Home Law Transitional Justice in the Asia-Pacific
It is difficult to know how to conclude, in part because ECCC proceedings are ongoing, but also because there is so little hope in the story of transitional justice in Cambodia. Amnesty for lower-level perpetrators helped to attract KR deserters to the side of the Cambodian government (which brought some level of stability, but at a high price, given the allegations of government corruption just detailed) and there have been small successes at the ECCC - the most significant of which are the completion of Case 001 and the progress made in Case 002. It remains a possibility that the existence of the ECCC will inspire reform in the Cambodian judiciary - currently heavily dependent upon the government for patronage and protection, widely seen as untrustworthy and corrupt and often poorly qualified.
It does seem clear, however, that the Cambodian case does not support the findings of recent studies that ‘prosecutions may deter human rights violations by increasing the perception of the possibility of costs of repression for individual state officials’ and that ‘transitional justice overall has a positive effect on the change in human rights and democracy measures’. Rather than its leaders feeling vulnerable to prosecution or being socialised into observing human rights and democracy norms, Cambodia seems to be regressing in its human rights record. Kheang finds that ‘[s]ince 2003, Cambodia has evolved into hegemonic party authoritarianism wherein the minimum criteria for democracy - freedom of expression, freedom of assembly - have been seriously curtailed while periodic elections have been maintained.’ With respect to human rights measures, based on PHYSINT data which uses a range of zero to indicate no government respect for physical integrity and eight to indicate full respect, Cambodia shows a significant decline from a score of five in 2002 to two in 2007. In line with the discussion above, Kheang notes that the international community has ‘settled on granting the Cambodian government its international legitimacy based on economic performance and political stability’ rather than on its observance of international norms.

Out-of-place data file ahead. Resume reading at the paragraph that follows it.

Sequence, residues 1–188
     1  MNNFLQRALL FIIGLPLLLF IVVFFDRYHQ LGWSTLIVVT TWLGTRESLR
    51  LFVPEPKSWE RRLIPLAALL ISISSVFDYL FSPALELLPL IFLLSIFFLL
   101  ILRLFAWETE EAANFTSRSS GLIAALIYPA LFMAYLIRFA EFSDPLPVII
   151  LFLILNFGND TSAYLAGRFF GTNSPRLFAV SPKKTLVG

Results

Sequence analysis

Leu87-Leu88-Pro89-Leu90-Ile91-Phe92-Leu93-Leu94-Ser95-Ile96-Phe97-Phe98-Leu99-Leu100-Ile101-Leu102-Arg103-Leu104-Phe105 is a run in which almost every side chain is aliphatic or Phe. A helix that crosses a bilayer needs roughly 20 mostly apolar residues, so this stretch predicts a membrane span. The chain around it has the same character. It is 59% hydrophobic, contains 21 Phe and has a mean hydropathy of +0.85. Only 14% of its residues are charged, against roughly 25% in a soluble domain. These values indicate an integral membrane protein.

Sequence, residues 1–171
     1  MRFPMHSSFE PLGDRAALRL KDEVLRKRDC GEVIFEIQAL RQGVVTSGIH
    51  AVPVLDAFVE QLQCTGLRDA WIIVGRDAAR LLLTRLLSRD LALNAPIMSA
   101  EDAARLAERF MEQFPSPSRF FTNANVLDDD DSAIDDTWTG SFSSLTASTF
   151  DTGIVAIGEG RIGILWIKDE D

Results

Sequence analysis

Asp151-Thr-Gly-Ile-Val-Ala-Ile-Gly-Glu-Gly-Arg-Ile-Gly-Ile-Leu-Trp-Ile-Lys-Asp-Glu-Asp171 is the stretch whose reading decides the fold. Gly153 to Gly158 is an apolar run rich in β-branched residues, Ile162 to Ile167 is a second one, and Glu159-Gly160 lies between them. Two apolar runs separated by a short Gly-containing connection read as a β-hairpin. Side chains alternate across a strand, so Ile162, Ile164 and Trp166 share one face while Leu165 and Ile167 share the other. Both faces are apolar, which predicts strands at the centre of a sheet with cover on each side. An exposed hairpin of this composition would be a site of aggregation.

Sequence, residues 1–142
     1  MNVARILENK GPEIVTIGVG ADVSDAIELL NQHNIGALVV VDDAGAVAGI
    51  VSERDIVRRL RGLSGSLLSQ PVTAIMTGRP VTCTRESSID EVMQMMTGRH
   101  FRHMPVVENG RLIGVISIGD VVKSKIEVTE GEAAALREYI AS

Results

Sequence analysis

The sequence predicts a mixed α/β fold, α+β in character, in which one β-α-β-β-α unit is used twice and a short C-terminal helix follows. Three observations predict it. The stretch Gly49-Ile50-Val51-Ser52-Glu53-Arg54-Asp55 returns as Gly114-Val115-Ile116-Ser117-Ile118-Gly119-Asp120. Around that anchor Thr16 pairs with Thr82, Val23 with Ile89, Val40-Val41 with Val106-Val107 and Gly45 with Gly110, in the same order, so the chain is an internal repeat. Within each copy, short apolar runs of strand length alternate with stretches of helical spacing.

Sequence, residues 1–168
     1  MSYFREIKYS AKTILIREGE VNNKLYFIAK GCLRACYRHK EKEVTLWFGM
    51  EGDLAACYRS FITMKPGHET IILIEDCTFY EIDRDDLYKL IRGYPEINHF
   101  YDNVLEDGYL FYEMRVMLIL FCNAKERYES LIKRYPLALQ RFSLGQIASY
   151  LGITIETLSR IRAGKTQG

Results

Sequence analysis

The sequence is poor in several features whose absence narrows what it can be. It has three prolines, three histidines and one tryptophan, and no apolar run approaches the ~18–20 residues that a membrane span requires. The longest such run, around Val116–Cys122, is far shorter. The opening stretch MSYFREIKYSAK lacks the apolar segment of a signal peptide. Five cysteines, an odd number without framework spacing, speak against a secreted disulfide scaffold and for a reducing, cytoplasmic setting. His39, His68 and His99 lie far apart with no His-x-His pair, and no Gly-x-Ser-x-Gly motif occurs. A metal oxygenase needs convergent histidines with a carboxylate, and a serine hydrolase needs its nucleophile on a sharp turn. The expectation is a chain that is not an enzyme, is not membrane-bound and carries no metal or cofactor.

The willingness of the international community to overlook the present government’s disregard of human rights standards coupled with the success of interested parties in limiting the temporal and personal jurisdiction of the ECCC so severely, means that far from signalling an end to impunity in Cambodia, the ECCC has demonstrated the power of the ruling elite to limit the administration of justice to those it seeks to delegitimise.